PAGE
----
I understand that people, when deciding that a disabled person should not become a parent, are really making that decision on what they think it would be like to be disabled and a parent, or what it would be like to parent a child with a disability, or what it would be like to be a child with a disability. I know this last is where my thoughts were, in my first reaction to Foale’s discussion of her third pregnancy. But as I realised, and argued above, each person’s experience is different–that’s what makes us all so interesting! And we are more than just our genes. We are people with personalities, which encompass strengths and weaknesses, and qualities both irresistible and undesirable, and the perception of which are which is highly subjective.

Deciding whether or not to have a child is not a rational, straightforward decision. It’s fraught with emotion and expectations, and the resulting offspring often inspires more of the same. But telling someone that she cannot have a child because you’ve decided she won’t be able to manage, or she will do a poor job as a parent, or she simply isn’t physically up to the task, is not only condescending, it’s mean. Rather than judging, wouldn’t it just be better if we went out of our way to help out parents, regardless of their abilities, because no matter where you’re coming from, it’s hard work. And every parent I know could use a little less ideological postulation, and a little more solidarity. Count me in.

Knowledge, Ignorance, and the All-Elusive Bliss.

I was at my GP recently for a routine exam, and mentioned that I needed a new prescription for my birth control pill.  It’s been a while since I was on this pill due to pregnancies and breastfeeding.  She asked me if I could remember the name of the brand, and I told her.  She then asked if I smoke (no) and if I ever get migraines.

‘Now that you mention it,’ I said, ‘I do sometimes get them now.  I think it’s when I’m really, really tired.  I lose vision and get really nauseous.’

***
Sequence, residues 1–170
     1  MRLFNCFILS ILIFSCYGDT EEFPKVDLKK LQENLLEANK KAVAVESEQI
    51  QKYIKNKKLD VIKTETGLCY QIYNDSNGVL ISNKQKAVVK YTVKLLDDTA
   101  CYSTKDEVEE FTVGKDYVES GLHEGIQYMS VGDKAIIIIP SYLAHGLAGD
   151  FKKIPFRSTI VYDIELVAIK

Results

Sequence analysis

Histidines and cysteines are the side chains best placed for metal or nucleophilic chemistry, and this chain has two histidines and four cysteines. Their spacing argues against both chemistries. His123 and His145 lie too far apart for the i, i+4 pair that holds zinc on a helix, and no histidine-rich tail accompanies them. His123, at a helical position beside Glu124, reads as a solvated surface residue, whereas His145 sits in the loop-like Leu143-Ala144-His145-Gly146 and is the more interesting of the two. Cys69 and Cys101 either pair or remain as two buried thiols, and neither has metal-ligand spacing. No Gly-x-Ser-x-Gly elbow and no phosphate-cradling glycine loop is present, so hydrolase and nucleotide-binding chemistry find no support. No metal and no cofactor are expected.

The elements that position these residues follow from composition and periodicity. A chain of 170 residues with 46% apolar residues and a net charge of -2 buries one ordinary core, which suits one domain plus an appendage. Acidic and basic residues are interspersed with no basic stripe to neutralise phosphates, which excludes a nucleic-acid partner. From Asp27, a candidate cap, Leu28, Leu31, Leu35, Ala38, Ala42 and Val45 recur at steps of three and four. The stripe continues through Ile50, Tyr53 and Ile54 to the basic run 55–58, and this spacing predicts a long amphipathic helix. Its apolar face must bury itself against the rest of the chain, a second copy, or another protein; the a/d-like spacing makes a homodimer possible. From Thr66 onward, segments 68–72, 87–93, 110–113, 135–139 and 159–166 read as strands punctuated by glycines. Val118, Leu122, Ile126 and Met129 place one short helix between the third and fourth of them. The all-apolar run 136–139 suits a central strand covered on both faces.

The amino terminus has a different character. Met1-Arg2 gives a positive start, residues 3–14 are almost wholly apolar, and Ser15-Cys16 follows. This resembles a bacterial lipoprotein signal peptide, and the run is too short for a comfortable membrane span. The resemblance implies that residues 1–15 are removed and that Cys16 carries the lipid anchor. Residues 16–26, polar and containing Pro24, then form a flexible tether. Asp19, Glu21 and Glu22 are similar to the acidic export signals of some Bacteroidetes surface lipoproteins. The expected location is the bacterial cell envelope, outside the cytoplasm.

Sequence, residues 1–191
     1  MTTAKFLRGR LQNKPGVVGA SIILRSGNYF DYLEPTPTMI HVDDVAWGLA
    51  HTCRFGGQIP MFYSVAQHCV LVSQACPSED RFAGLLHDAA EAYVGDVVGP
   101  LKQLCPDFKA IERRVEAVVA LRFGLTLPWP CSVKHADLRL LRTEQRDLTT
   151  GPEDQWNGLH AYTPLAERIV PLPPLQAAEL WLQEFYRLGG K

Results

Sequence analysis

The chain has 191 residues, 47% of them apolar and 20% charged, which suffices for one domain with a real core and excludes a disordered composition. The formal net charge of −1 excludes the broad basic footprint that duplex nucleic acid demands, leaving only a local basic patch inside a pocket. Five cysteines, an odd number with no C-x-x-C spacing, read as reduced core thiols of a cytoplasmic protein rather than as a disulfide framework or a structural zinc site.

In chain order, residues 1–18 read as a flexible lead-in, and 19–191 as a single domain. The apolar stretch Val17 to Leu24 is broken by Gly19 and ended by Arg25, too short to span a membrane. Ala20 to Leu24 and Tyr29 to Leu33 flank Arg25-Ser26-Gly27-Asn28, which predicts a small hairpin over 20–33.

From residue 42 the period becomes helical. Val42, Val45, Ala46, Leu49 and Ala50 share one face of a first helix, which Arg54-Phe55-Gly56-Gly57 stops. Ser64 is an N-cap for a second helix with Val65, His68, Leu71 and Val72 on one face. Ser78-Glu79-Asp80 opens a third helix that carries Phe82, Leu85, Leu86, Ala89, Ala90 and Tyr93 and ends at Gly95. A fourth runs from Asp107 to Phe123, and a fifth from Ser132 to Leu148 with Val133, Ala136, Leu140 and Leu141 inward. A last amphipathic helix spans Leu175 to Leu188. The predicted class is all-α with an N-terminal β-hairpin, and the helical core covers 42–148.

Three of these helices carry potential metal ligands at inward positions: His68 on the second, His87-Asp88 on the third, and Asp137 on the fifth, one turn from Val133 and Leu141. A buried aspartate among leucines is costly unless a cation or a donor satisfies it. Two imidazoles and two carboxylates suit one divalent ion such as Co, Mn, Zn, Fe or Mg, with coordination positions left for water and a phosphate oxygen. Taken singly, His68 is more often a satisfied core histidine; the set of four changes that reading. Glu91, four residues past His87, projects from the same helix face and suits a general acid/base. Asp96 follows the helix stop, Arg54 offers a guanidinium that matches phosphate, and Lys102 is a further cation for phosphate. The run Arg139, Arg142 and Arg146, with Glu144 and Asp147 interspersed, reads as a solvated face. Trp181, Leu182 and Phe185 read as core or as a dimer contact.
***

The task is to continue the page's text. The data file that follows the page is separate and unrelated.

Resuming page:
‘Ah,’ she said.

It turns out, since I was on this medication last, they’ve discovered there might be a link between women who get migraines and also take this pill, and strokes.  STROKES.  Especially if they’re under 45.  Which I am.

I would quite like to not have a stroke.

I got home and did some quick checking on the internet (what do you know? My doctor knows what she’s talking about!) and then I was reading about strokes in general, and discovered that there is a link — whether or not it is causal, seems unclear — between long term, sustained stress, and strokes.  And that made me laugh a bit, because there is a fair bit of that kind of information about.  You know the kind of articles I mean.  The ones that tell you that depressed people are more likely to die younger than those without depression.  And the ones that tell you that insomniacs are more likely to have heart failure.  And when I read those articles, I think, how is this good information to have?  If you’re depressed, how is it good to know that you might have a shorter lifespan?  Isn’t that going to make you even more depressed?  And if you can’t sleep, I’m pretty sure it’s not going to help, wondering if your lack of sleep is a contributing factor to a possible heart attack in later life. And if you’re pregnant? There are now lists of things you have worry about and consider to keep your baby safe. Oh, and by the way, apparently if your grandmother smoked while she was pregnant with your mother, it could be the cause of your unborn child’s asthma.  Awesome.